Wednesday, June 26, 2019

Interview: Cato's Aaron Powell says "it’s become clear that neither" Dems or GOPers are really "interested in libertarianism"

Editor's note: This interview was originally published in April 2017.

Story by Joseph Ford Cotto

Libertarianism has seen better days.

A few years ago, certain political forecasters claimed that the future of America's center-right belongs to libertarians. Since the 2012 presidential election, however, protectionism surged -- not only in the GOP, but among Democratic ranks as well. Now, amid the age of Donald Trump, libertarianism's once-ascendant nature seems a distant memory.

"I fear that the classical liberal/libertarian idea and ideal will be seriously tarnished by the policies and politics of the Trump Administration," Dr. Richard Ebeling, one of our time's greatest Austrian School thinkers, recently told me.

He continued: "Virtually all of Trump’s proposed policies involve a continuation or an intensification of government involvement in social and economic life. He acts as the all-knowing government central planner when he calls in business executives and tells them where to invest and what products they should make to 'create jobs.' He undermines respect for and protection of essential civil liberties when he ridicules the freedom of the press and their way of reporting on his administration’s actions and his words."

Ebeling went on to state his worry "that with the assistance of the mainstream media the Trump Administration’s anti-freedom policies will tarnish the real case for a free society and a free market. That is, people who want lower taxes and fewer regulations on business will be identified as the people who also believe in torture, discrimination against immigrants, violations of civil liberties, and the instigation of trade wars because of aggressive nationalist attitudes."

While libertarianism is easy enough to discuss in a superficial context, what does it mean in a deeper sense -- something beholden to political philosophy discussions rather than sound-bite-driven 'news' clips? Perhaps more importantly, how is libertarianism relevant to American society?

"Aaron Ross Powell is a research fellow and editor of, a project of the Cato Institute," his biography there relates. " is a source for the ideas and history providing the foundation for libertarian public policy and features introductory material as well as new scholarship related to libertarian philosophy, theory, and history. The site is also the home of the Guides, free online, self-paced courses that include lectures and books from influential libertarian scholars. Powell is also the co-host of Free Thoughts, a weekly podcast on libertarianism and the ideas that influence it. His research focuses on political philosophy and the moral case for liberty. He earned a a BA in English and Philosophy from the University of Colorado and a JD from the University of Denver."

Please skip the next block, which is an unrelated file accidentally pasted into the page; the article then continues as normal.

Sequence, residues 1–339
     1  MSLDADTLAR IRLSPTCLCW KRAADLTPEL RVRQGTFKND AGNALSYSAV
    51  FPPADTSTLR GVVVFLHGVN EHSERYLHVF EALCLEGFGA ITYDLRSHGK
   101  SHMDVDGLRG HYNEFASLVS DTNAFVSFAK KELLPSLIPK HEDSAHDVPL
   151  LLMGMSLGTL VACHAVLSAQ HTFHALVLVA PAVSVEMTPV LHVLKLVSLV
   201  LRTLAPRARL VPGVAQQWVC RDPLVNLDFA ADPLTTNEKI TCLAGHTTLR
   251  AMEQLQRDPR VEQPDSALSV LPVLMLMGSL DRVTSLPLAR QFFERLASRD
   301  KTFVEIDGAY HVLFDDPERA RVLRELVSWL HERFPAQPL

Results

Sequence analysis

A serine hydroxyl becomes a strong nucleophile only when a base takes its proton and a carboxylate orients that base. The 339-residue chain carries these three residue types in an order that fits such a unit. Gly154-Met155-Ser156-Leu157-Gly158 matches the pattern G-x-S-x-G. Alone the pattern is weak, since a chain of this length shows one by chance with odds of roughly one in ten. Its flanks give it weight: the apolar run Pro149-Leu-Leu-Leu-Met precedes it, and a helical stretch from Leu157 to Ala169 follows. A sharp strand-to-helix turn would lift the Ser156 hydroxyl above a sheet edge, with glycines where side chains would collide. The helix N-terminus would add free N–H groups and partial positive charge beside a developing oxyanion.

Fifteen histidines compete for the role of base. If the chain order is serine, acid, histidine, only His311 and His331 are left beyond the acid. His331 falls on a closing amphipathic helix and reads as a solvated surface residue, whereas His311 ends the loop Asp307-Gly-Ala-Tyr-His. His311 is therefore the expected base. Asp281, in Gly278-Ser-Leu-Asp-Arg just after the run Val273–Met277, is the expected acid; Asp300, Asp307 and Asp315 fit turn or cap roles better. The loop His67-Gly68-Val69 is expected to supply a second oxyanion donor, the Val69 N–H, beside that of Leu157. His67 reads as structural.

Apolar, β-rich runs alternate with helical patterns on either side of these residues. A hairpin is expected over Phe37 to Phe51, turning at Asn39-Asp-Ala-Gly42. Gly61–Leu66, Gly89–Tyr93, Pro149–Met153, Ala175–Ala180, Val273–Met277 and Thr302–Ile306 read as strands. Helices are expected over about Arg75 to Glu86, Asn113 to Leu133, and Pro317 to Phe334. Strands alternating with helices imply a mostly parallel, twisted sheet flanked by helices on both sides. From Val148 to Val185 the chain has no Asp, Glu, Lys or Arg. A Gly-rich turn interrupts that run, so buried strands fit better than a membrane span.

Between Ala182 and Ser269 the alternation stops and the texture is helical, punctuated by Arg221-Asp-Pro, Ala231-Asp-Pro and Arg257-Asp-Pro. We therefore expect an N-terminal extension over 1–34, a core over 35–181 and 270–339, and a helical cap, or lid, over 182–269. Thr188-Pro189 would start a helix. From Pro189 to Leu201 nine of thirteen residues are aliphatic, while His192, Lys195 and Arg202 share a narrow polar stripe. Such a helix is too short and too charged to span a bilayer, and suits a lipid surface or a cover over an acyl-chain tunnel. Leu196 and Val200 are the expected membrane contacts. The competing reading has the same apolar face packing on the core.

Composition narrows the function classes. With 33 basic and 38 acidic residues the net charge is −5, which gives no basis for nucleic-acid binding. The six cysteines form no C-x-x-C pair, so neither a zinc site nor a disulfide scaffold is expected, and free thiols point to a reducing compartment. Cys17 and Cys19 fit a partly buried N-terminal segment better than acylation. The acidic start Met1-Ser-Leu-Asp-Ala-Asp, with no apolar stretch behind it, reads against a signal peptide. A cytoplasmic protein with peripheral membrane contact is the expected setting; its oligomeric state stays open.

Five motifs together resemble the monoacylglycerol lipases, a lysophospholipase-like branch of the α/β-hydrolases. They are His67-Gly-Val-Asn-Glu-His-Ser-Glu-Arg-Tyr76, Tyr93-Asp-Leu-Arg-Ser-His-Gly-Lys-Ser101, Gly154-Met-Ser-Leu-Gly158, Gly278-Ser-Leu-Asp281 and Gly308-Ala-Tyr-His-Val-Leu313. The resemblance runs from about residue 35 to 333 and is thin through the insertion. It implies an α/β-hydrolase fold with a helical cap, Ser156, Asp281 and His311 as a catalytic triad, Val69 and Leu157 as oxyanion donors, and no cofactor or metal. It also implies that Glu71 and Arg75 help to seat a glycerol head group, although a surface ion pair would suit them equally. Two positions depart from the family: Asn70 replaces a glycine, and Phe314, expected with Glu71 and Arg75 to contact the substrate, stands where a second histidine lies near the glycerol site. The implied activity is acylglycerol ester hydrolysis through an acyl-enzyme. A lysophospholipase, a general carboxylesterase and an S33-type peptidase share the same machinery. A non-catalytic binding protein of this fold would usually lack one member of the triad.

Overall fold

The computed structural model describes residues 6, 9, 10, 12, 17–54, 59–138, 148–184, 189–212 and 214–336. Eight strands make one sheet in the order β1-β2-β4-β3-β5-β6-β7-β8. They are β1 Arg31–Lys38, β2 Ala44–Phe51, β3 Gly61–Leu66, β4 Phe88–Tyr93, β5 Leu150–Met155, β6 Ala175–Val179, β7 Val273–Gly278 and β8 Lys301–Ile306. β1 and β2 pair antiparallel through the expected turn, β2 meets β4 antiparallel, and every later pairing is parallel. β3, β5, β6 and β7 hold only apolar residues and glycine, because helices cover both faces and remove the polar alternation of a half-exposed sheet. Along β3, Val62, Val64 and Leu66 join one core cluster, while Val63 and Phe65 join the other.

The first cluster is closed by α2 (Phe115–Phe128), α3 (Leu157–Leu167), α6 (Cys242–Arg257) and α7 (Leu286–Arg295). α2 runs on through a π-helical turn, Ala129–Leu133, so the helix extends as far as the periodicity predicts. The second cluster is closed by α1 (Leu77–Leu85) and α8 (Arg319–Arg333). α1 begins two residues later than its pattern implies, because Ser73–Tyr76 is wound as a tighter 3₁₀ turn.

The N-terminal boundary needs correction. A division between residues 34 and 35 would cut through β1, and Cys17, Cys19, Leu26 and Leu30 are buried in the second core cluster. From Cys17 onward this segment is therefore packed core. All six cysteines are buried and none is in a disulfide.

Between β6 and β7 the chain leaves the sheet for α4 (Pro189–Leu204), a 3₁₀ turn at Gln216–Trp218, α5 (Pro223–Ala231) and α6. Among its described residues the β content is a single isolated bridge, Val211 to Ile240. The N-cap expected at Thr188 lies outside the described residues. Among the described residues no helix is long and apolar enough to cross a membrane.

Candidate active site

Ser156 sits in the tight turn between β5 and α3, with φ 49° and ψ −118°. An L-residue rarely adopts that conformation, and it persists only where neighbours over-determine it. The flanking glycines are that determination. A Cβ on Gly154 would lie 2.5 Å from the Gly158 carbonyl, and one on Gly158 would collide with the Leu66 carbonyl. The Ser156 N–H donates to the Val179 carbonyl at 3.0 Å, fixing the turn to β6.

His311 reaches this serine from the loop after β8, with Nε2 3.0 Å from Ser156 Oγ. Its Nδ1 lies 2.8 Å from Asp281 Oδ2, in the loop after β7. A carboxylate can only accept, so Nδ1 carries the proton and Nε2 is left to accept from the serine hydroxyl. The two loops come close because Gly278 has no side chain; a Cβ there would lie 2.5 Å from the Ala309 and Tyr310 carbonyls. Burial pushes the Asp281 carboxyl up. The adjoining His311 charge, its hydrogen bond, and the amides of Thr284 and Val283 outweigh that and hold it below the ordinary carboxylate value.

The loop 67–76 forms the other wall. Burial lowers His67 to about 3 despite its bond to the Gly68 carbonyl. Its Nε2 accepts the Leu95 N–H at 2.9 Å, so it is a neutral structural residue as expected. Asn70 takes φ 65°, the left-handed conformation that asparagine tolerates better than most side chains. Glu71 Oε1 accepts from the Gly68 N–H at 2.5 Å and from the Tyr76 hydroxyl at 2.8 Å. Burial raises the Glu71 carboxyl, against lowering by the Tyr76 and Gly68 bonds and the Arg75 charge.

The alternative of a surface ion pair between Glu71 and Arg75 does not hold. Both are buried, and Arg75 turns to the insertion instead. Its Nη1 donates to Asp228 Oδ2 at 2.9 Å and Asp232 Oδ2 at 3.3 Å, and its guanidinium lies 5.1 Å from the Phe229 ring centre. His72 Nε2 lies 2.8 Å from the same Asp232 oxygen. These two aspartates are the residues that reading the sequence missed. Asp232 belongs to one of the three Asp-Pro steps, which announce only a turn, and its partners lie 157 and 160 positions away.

Powell recently spoke with me about libertarianism and its place across the fruited plains. Some of our discussion is included below.


Joseph Ford Cotto: In the context of American politics, what does 'libertarianism' really mean?

Aaron Ross Powell: Libertarianism is a label for a spectrum of beliefs about the proper role of the state. But what they all have in common is the claim that government exists, and is justified in existing, in order to protect the basic rights of its citizens, and that when the government moves beyond that limited, yet crucial, mission, it behaves illegitimately. Within a specifically American context, this often takes the form of pointing out that the government as authorized by the Constitution is quite limited to what we have today, and that much, if not most, of what the government does goes beyond the authority granted to it by its founding documents. So in American politics, a great deal of libertarianism is asking that the state stick to what’s written.

Cotto: Is there a split between libertarianism in a theoretical, academic context and libertarianism as applied in partisan politics?

Powell: A “split” probably isn’t the right word for it, but of course there’s a difference between libertarianism as you find it discussed in, say, works of academic philosophy, and libertarianism as it shows up at the ballot box. It’s not a fundamental difference, or a difference of principle, but of focus. “Theoretical” libertarianism asks questions about justice and rights and morality, whereas day to day political libertarianism is about policy: which policies move us in a libertarian direction, or in which ways the application of libertarian principles to policy will achieve better results than an expansion of government intervention.

Cotto: One could say that both major parties have been influenced by libertarian ideas. Has one party, however, gone down the libertarian road more than the other?

Powell: For a time, there was a general sense that the Republican party was friendlier to libertarianism, at least in an economic context, than the Democratic party. Republicans, in their rhetoric if not in their actual policy making, spoke of the benefits of free markets, pushed back on government expansion, and so on. Democrats, on the other hand, saw government as the solution to most social problems. But it was never a neat fit, because the Republicans were also the party more likely to trample civil liberties, whether in opposition to gay rights, or their support for the drug war, or their more adventurous foreign policy. 

For the last few decades, however, it’s become clear that neither party is much interested in libertarianism as a governing philosophy. The Republicans have largely repudiated economic freedom, while the Democrats have embraced state surveillance and interventionism abroad.